–where you heard the agent speak

                        –where you will hear the agent speak and hope to have the chance to discuss your book

            * Whatever will most excite agents about your book:

                        –the opening paragraph

                        –the most compelling fact or idea about your subject

                        –a statistic about the interest of people or the media in the subject or the number of potential readers

  • The book: the essence of your book:

            * A sentence with the title and the selling handle for the book, up to fifteen words that will convince booksellers to stock it. The models for it: one or two books, movies, or authors. “It’s Harry Potter meets Twilight.”

            * A one-sentence overview of your book, and if appropriate, what it will do for your readers

            * The book’s biggest market(s)

            * Its actual or estimated length

            * The length of your proposal and how many more pages of manuscript you have ready to send

            * (Optional) The names of people who have agreed to give a forward and cover quotes, if they’re impressive

            * (Optional) A link to illustrations, if they’re important

            * (Optional) Include the subjects or titles of the next two books, if you’re proposing a series

            * (Optional) Information about a self-published edition that will help sell it

  • The cook: Why you’re the right person to write the book

            * Your promotion plan: the four or five most effective things you will do to promote your book online and off, with numbers if they’re impressive

            * Your platform: the most important things you have done and are doing to give yourself continuing visibility with potential readers, with numbers if they’re impressive: your online activities, published work with links to it, and media and speaking experience with links to audio and video

            * (Optional) Your credentials; experience in your field; or years of research; prizes, contests, and awards in your field

Include anything else that will convince agents to ask to see your proposal.

A fothcoming post will tell you how to speed up the query process.

 The Third San Francisco Writing for Change Conference: Writing to Make a Difference / November 13-14, Hilton Financial/Chinatown / / Keynoters: Million-copy selling authors Dan Millman (Way of the Peaceful Warrior) and John Robbins (Diet for a New America)

Memoirists: Are You Fiction or Nonfiction?

William Hamilton once did a cartoon showing an aspiring young woman writer asking a balding, mustachioed literary type: “Are you fiction or nonfiction?”

If you’re writing a memoir (a me-moir to the cynical)  you may wonder whether it would be better as a novel. What reasons might there be for making that decision?

Legal Reasons

Publishers are extremely wary about anything that might cause litigation. If you’re going to include unflattering things about living people, they may sue. You can disguise them, but if you’re living in a small town or people will know who you’re referring to anyway, that won’t help.

Personal Reasons

Fictionalizing your past may make it easier to write about. A memoir is constrained by the truth. Writing fiction liberates you to alter your experience as you wish.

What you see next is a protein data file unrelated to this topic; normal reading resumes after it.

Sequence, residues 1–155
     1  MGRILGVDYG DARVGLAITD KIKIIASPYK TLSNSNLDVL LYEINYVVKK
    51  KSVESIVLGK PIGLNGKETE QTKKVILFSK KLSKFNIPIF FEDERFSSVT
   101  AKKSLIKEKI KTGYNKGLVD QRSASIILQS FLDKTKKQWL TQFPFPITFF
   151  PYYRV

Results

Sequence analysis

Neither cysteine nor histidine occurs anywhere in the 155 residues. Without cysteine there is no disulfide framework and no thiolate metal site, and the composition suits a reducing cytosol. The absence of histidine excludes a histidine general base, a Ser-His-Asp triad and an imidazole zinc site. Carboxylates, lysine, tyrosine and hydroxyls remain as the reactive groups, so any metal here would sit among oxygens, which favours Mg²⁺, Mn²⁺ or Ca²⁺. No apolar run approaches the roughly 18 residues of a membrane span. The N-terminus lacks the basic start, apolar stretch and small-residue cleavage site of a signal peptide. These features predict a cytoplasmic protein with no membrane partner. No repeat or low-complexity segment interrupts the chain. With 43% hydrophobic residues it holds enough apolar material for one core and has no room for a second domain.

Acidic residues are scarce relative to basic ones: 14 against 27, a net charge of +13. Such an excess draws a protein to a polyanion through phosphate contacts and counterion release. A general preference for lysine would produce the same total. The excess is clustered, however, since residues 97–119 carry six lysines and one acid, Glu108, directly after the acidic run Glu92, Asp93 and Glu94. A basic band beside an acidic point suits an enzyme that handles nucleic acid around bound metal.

Literary Reasons

What are your literary goals in writing the book? If you want to create a legacy for your friends and family, writing a memoir makes more sense. Nonfiction is easier to write because you’re drawing on your experiences and facts you can verify.

But writing fiction liberates you to create whatever combination of character, plot, and setting will have the most impact on readers. And a memoir should read like a novel. Frank McCourt’s bestseller, Angela’s Ashes, which ignited the interest in memoirs, certainly does. You could call it a novel without changing a word. The dialogues he had as a child with his family capture the emotional truth if not the factual truth of what was said.

Like a novel, a memoir has to describe places, characters, and situations so readers will want to keep reading about them. The book needs a story arc that traces your transformation from who you are at the beginning of the book to the person you become after being changed by your experiences. Many novels, especially first novels, are autobiographical, and all novels make use of the author’s experience filtered by the imagination and the needs of the story.

Commercial Reasons

What are your financial goals for your memoir? Will it be more salable as a novel? Will it be more promotable? Will it have more film and foreign rights potential? Will have more potential for follow-up books?

My partner, Elizabeth Pomada, spent quite a while trying to sell Pam Chun’s biography of her great grandfather, The Money Dragon. Finally, we suggested Pam call it a novel, and the first publisher to see it published it complete with photos and trial transcripts. It became a prizewinning bestseller in Hawaii, where it’s set.

I hope these considerations help you answer the question of whether to fictionalize your memoir. Everyone has a story to tell, and I encourage you to tell yours. First get it down on paper in the most effective, enjoyable way you can, and get feedback from a fiction or memoir critique group as you write. Then, if you still can’t decide whether to fictionalize it, let your community of readers help you figure out how best to offer your story to the world. If your writing has enough humor, drama, insight, or inspiration, it will find its audience.

Take heart. The hardest part of many memoirs is surviving the research!

The Third San Francisco Writing for Change Conference: Changing the World One Book at a Time / November 13-14, Hilton Financial/Chinatown / / Keynoters: Dan Millman (Way of the Peaceful Warrior) and John Robbins (Diet for a New America)